Certification Objective 6.02-The Basic User Environment


Each user on any Red Hat Enterprise Linux system has an environment when logged on to the system. The environment defines directories where Linux looks for programs to run, the look of the login prompt, the terminal type, and more. This section explains how you can configure the default environment for your users.

Home Directories and /etc/skel

By default, when you create a new user, a default set of configuration files is created in the user's home directory. These defaults are hidden files stored in the /etc/skel directory.

Home Directory

The home directory is where a user starts when he first logs on to a RHEL system. The home directory for most users is /home/username, where username is the user's login name. Every user should normally have write permission in his own home directory, so each user is free to read and write his own files. Later in this chapter, you'll learn how to configure disk quotas, so users don't take more than their fair share of disk space.

/etc/skel

The /etc/skel directory contains default environment files for new accounts. The useradd command and the Red Hat User Manager copy these files to the home directory when you create a new account. The contents of /etc/skel may vary depending on what you have installed. Standard files from my copy of /etc/skel are described in Table 6-5.

Table 6-5: Default Home Directory Files from /etc/skel

File

Purpose

.bashrc

This basic bash configuration file may include a reference to the general /etc/bashrc configuration file. Can include commands you want to run when you start the bash shell, appropriate for aliases such as rm='rm -i'.

.bash_logout

This file is executed when you exit a bash shell and can include commands appropriate for this purpose, such as commands for clearing your screen.

.bash_profile

Configures the bash startup environment. Appropriate place to add environment variables or modify the directories in your PATH.

.gtkrc

Adds the Bluecurve theme for the default Red Hat GUI.

.kde

This directory includes autostart settings for the K Desktop Environment. Not added to /etc/ skel and not copied to user home directories if you haven't installed KDE on this computer.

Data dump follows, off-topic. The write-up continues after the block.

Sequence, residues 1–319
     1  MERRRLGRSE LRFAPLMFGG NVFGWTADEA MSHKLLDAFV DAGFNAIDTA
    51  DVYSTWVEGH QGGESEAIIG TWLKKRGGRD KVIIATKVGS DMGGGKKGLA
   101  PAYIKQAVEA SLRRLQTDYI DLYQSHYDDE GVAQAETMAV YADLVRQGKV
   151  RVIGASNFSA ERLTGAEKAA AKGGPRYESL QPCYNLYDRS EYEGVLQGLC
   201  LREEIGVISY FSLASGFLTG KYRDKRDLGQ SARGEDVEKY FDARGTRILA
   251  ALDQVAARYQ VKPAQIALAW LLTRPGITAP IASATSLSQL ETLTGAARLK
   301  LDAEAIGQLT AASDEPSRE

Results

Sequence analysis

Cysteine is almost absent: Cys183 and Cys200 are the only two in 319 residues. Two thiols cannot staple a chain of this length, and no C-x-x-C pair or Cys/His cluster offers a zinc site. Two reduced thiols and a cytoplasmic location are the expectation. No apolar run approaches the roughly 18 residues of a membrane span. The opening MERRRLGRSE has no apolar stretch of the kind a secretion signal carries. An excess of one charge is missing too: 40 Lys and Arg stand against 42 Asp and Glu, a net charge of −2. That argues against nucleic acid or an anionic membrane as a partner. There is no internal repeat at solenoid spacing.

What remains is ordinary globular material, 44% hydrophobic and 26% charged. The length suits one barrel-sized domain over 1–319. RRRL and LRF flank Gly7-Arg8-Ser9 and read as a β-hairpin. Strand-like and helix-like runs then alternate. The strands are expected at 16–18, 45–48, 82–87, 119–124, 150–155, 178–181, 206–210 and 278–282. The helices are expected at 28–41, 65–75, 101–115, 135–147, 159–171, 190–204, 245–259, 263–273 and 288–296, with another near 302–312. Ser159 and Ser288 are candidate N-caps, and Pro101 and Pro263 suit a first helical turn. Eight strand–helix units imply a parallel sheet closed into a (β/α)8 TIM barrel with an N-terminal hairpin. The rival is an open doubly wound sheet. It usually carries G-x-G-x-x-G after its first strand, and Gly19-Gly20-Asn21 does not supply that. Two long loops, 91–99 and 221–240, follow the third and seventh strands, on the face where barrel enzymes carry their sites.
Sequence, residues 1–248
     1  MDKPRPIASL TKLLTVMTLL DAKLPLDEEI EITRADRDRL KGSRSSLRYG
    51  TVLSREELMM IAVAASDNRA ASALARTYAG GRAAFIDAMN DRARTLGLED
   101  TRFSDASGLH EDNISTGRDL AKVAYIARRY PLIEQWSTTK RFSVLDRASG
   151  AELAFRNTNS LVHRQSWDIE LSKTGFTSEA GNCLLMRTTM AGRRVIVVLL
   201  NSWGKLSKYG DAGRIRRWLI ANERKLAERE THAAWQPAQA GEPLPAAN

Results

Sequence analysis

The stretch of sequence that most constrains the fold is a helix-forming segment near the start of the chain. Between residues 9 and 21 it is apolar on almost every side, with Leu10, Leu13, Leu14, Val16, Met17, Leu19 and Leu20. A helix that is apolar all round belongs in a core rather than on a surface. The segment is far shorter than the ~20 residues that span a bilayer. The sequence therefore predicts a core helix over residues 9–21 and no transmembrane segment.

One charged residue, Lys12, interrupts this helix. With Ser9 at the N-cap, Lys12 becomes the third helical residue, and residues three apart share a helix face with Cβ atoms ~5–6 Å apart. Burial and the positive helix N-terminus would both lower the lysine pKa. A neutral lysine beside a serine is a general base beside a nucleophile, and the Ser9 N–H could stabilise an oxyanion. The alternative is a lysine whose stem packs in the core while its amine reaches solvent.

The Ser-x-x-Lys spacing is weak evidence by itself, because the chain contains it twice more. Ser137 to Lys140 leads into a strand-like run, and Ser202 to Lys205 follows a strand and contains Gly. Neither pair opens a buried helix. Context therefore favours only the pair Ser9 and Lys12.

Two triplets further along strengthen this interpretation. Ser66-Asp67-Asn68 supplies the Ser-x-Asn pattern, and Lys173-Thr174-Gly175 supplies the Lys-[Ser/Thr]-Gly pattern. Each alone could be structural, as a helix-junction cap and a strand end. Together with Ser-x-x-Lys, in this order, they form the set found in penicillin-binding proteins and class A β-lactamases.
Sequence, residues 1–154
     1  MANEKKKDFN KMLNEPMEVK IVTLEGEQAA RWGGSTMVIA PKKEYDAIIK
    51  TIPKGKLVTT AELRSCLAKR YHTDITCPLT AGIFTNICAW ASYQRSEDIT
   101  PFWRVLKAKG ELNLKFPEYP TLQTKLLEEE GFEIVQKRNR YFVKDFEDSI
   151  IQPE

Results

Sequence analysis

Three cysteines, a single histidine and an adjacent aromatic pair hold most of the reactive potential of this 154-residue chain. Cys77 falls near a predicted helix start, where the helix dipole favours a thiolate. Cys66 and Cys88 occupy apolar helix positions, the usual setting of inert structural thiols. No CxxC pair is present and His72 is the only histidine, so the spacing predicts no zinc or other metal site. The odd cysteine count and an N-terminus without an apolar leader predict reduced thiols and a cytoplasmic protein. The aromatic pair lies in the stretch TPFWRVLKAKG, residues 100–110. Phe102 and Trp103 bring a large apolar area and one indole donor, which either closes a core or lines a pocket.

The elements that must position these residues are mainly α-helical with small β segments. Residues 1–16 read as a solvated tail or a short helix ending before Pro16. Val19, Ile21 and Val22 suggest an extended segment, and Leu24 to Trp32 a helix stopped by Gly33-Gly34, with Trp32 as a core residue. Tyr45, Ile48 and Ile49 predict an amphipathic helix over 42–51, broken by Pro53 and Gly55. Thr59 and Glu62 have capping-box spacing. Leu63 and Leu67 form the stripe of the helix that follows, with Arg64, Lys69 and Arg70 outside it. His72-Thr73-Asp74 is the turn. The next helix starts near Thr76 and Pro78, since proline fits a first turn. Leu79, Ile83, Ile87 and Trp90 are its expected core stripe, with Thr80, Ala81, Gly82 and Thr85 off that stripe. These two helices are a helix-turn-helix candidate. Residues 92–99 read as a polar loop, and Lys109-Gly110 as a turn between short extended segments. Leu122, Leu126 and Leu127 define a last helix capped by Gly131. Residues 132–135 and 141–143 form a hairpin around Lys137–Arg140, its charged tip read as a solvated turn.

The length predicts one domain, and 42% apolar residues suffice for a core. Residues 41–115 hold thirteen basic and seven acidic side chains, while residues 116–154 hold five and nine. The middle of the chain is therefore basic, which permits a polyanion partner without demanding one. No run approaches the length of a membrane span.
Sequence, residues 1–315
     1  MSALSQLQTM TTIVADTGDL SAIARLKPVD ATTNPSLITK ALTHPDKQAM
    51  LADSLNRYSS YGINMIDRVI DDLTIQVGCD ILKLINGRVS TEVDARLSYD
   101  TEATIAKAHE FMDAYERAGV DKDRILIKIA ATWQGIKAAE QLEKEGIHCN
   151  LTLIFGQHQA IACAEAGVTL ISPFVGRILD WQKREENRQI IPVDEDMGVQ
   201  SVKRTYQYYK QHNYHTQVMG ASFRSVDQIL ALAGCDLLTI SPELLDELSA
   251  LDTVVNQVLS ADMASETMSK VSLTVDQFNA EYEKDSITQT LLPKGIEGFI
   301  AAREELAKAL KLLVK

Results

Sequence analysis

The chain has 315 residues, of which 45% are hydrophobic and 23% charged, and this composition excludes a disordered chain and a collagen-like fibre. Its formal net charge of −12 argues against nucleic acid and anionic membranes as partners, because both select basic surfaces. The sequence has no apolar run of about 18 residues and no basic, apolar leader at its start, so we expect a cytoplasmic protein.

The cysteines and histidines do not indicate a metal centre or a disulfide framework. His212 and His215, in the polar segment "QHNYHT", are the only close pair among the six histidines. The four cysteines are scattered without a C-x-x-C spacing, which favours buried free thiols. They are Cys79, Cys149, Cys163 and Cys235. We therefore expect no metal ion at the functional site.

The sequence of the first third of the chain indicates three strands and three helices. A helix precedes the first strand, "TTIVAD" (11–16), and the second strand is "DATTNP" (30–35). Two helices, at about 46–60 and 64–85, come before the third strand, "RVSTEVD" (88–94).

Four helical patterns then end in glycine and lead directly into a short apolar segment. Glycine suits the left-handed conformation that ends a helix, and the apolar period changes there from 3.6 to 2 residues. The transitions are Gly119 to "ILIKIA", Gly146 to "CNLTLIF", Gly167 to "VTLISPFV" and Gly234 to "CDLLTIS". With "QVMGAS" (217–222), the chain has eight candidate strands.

If you've installed more than the default software on RHEL, you may see additional configuration files in the /etc/skel directory. For example, if you've installed the appropriate RPMs, you may see configuration files associated with emacs and the z shell (zsh) in this directory.

On the Job 

Linux includes many hidden files that start with a dot (.). To list these files, run the ls -a command. For example, if you want to list all of the files in the /etc/skel directory, run the ls -a /etc/skel command.

As the system administrator, you can edit these files or place your own customized files in /etc/skel. When new users are created, these files are propagated to the new users' home directories.

On the Job 

Adding files to /etc/skel may be a convenient way to distribute files such as corporate policies to new users.

Window Manager Configuration Files

RHEL comes with several window managers. At some point you will want to configure one or more of them for use on your system. In the past, window manager configuration files were stored in the /etc/X11/windowmanager directory, where windowmanager is the name of the specific window manager. This directory still includes twm (Tom's Window Manager). The X Display Manager is no longer available for RHEL 5. The GNOME and KDE Display Managers are stored in their own directories, /etc/gdm and /usr/share/ config/kdm.



RHCE Red Hat Certified Engineer Linux Study Guide (Exam RH302)
Linux Patch Management: Keeping Linux Systems Up To Date
ISBN: 0132366754
EAN: 2147483647
Year: 2004
Pages: 227
Authors: Michael Jang

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